The prospect of the U.S. government running out of money to pay its bills and, eventually, finding it difficult to make payments on the debt itself, has economists around the world prophesying dire consequences.

Mutual funds, which are not allowed to hold defaulted securities, may have to dump masses of U.S. treasuries.

Ratings agency Fitch fired a warning shot Tuesday that it may downgrade the country’s AAA credit rating to AA+ over the political brinksmanship and bickering in Washington that have brought the government to this point.

That could help raise interest rates on U.S. debt, putting the country deeper into the red.

Rating agency Standard & Poor’s cut the U.S. credit rating from AAA to AA+ after the 2011 debt ceiling crisis. Moody’s still has the U.S. rated AAA.

Investors around the world appeared to be sitting on the sidelines Wednesday waiting out the day’s debate.

Asian markets ended with mixed results, European markets were down slightly Friday afternoon and U.S. stock futures — frequently taken as an indicator for how U.S. markets will open — were up marginally before trading began Wednesday.

Some scholars have suggested that the 14th Amendment to the Constitution gives Obama an emergency brake to stop the defaultby ignoring what Congress does and borrowing in spite of having reached the debt ceiling.

Section 4 of the amendment states: “The validity of the public debt of the United States, authorized by law, including debts incurred for payment of pensions and bounties for services in suppressing insurrection or rebellion, shall not be questioned.”

Obama has rejected such claims, the Congressional Research Service has said. And other scholars say that by invoking the 14th Amendment in this way, the President would risk breaking other laws.

But the same scholars who say this say they believe that section 4 was formulated to keep politicians from holding the debt hostage in order to impose their political will on the nation

Disarray among House Republicans caused confusion on Tuesday, with Boehner having to pull a proposed agreement from the floor because conservatives found it too weak.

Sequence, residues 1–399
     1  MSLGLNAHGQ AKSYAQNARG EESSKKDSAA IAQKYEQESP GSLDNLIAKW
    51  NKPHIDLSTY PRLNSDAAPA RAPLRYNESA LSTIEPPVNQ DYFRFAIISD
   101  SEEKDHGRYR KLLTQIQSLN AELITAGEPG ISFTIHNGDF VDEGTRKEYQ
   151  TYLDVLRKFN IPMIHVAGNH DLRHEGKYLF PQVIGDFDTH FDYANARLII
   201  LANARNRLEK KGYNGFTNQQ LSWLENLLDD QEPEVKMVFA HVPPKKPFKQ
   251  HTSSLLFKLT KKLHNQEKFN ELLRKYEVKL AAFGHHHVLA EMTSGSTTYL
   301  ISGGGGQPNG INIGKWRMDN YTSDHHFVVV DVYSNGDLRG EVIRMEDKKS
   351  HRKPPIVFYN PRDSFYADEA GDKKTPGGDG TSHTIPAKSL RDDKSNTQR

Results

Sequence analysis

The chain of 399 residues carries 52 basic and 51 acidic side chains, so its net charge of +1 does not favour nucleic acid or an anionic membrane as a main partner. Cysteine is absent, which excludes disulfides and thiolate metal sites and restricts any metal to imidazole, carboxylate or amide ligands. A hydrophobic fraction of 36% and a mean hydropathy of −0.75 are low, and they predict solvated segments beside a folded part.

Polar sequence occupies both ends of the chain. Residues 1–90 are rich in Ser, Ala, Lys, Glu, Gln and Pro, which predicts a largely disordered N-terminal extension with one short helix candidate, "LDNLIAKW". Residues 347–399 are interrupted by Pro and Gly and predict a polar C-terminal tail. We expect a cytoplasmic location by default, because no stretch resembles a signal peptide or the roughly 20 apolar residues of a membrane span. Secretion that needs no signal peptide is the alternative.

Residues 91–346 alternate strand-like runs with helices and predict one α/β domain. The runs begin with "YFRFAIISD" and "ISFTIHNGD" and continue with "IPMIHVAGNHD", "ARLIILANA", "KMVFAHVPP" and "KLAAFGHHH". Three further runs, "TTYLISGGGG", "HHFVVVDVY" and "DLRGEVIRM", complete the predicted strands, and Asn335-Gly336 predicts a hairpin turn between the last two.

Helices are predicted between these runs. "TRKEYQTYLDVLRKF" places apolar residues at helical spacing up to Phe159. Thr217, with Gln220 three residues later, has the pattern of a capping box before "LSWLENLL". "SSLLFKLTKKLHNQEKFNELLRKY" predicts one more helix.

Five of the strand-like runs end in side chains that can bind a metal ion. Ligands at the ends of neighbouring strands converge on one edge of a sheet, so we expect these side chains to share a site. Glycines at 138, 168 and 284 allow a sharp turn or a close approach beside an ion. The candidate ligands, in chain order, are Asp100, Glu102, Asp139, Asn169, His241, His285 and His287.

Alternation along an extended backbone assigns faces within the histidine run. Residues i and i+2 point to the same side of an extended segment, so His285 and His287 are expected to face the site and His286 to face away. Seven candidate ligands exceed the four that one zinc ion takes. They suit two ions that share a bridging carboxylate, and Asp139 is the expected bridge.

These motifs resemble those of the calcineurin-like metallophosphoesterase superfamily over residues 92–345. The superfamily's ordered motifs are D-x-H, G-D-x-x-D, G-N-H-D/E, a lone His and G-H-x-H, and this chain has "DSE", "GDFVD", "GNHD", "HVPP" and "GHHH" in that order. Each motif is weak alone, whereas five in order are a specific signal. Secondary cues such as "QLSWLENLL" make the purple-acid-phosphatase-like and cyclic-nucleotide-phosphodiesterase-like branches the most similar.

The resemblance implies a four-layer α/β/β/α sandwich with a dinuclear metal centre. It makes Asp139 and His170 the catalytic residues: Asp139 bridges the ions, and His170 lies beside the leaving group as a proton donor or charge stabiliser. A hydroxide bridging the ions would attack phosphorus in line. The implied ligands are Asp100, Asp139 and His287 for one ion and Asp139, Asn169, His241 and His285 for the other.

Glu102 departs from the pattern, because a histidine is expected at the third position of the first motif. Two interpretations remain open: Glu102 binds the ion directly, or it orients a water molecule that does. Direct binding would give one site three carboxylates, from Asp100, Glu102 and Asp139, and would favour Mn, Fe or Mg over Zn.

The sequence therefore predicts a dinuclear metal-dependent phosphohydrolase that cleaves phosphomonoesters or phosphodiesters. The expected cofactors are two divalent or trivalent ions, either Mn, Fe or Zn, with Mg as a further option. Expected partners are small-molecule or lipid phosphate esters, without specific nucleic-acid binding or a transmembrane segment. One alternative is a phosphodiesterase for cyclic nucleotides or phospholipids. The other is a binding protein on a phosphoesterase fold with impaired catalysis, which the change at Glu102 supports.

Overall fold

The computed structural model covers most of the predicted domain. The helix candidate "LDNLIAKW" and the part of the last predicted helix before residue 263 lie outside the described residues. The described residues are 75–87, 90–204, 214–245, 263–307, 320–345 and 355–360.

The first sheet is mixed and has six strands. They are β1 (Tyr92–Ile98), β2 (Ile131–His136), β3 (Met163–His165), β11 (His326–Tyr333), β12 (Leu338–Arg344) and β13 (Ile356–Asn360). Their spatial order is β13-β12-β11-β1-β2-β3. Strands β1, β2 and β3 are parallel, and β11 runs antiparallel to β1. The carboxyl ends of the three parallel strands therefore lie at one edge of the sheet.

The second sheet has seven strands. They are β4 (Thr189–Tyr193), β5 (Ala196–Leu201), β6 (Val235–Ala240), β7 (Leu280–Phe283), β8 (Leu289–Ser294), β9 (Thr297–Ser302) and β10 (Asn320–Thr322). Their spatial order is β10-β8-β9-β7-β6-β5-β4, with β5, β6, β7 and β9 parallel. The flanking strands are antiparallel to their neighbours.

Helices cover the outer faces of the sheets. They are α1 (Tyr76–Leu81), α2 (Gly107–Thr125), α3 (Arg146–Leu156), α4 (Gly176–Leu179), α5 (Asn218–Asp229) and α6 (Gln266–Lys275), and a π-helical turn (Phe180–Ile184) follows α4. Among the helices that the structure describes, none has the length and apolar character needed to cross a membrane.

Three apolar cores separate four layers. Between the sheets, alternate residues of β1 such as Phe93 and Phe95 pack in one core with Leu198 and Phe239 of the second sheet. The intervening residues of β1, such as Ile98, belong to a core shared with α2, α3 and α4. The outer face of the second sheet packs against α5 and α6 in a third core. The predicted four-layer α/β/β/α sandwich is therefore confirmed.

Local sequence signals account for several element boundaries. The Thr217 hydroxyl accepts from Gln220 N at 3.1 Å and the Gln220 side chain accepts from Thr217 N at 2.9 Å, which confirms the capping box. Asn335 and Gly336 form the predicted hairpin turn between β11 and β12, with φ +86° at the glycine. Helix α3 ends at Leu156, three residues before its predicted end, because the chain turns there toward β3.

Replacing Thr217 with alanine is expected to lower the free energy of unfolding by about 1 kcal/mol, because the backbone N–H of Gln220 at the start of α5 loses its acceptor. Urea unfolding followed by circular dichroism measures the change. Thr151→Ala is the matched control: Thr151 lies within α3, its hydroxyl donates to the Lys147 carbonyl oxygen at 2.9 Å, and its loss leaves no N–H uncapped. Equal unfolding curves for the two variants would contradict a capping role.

The House proposal dropped some provisions on Obamacare but prohibited federal subsidies to the President and his administration officials as well as federal lawmakers and their staff receiving health insurance through the Affordable Care Act programs.

It also would have forbidden the Treasury from taking what it calls extraordinary measures to prevent the federal government from defaulting as cash runs low, in effect requiring hard deadlines to extend the federal debt ceiling.

House Democrats opposed the GOP proposal, which meant it couldn’t pass without support from the 40 or so tea party conservatives, who wanted more spending cuts.

“It just kicks the can down the road another six weeks or two months,” said Rep. Joe Barton, R-Texas.

Obama will meet Wednesday with Treasury Secretary Jack Lew, who has been looking for creative ways to cover U.S. financial obligations as the debt ceiling comes down.

On Tuesday, Obama called for House Republicans to “do what’s right” by reopening government and ensuring the United States can pay its bills. “We don’t have a lot of time,” he said.

But he acknowledged Boehner’s difficulty in getting his fellow House Republicans on the same page.

“Negotiating with me isn’t necessarily good for the extreme faction in his caucus,” Obama said, referring to the tea party and its conservative allies. “It weakens him, so there have been repeated situations where we have agreements. Then he goes back, and it turns out that he can’t control his caucus.”